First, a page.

It is expected there will be “chlorine rockets”, but doubts about anything more sophisticated.

Another source says that “Daesh used the university to store some weapons” and had blocked access to some sections of laboratories.

“It is believed that they used laboratories for terrorist purposes, but it is almost impossible to confirm such claims.”

  • Who knew that universities would become priority targets?

The city’s people are said to be in a “state of fear and terror”. As IS has been targeted by the coalition forces, they in turn have “put their anger on the people” claiming that Mosul’s residents are communicating with “hostile parties to Daesh”.

At Friday prayers last week, a pro-IS preacher talked of how local people were “hypocrites” who had let down the “caliphate”.

  • It’s never the fault of the leadership. Never.

The religious police are also trying to assert their authority and show that nothing has changed in their control – and there have been more gruesome public executions of people claimed to be opponents or informants.

“They are trying to show they are in control of everything.”

There is a culture of “false accusations” and another Mosul academic says: “Daesh continues to hunt ‘offenders’ and punish them heavily,” which often means the death penalty.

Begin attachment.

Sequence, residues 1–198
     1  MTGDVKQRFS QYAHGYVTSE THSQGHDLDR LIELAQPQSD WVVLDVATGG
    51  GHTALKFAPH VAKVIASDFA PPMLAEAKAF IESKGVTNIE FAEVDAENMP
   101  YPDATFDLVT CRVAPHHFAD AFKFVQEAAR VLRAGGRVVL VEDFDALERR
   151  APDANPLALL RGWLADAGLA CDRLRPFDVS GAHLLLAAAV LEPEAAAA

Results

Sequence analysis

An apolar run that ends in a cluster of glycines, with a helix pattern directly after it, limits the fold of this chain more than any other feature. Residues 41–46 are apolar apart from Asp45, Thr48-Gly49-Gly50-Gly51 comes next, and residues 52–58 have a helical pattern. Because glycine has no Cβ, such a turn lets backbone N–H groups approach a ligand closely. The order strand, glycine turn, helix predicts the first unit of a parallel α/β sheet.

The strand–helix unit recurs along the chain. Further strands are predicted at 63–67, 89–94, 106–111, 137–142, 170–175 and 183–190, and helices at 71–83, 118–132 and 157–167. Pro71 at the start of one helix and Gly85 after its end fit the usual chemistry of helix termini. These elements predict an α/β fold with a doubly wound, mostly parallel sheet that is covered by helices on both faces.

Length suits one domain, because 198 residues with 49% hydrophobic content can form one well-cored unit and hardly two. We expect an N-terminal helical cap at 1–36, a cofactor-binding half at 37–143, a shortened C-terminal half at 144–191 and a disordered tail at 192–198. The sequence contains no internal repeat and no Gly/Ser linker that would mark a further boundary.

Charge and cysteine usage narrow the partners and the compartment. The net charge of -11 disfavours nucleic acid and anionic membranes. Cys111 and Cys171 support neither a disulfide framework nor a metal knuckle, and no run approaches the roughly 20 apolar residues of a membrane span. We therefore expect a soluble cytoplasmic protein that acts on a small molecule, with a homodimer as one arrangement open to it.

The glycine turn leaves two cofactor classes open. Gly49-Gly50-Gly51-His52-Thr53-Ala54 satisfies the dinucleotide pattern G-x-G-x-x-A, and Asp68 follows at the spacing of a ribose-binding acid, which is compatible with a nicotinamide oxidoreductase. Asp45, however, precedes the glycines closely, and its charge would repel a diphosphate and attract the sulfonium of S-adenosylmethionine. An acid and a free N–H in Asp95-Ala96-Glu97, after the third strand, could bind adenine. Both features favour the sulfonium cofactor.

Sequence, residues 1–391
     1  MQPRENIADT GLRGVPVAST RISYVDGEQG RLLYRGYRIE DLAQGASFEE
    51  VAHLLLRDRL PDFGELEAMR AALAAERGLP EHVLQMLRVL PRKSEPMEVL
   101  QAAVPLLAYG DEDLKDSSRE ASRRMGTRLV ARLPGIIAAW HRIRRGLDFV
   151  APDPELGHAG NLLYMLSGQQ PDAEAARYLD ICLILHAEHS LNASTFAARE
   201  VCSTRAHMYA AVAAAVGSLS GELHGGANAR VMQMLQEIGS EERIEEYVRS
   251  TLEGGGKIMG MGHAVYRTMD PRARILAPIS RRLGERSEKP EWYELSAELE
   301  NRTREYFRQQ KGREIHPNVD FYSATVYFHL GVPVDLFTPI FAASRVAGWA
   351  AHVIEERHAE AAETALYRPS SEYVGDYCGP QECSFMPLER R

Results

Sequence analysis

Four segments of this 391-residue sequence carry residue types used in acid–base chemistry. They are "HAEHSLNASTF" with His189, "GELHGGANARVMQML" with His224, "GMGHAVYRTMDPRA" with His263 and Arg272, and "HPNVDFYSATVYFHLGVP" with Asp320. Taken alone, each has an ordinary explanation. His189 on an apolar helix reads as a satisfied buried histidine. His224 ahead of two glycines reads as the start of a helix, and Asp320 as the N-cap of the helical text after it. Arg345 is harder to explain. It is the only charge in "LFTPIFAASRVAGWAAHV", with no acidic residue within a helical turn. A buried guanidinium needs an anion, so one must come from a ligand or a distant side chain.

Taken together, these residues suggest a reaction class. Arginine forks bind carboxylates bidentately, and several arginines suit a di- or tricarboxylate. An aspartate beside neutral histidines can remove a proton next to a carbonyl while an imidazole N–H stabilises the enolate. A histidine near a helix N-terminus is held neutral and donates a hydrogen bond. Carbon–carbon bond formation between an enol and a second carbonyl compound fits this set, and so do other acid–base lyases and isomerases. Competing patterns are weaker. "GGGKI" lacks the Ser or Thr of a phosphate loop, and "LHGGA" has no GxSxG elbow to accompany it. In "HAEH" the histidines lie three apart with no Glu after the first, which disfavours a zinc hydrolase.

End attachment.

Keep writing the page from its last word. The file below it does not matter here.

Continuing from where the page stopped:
• There is a distinct difference between “Surviving the occupation” and “Almost surviving the occupation.”
    • Also, the love of false accusations is something for undercover agents to watch out for. That can kill you just as surely as having your cover blown.
    • Some agents are OK with using such false accusations themselves, to cover their own tracks. I respect those PCs who refuse to compromise, but I hope they properly weighed the cost for their integrity: it could be higher than they thought.

The IS authorities have tried to clamp down on communications – but this doesn’t seem to be effective.

There had been highly-monitored public points for internet access, but these too have been shut down.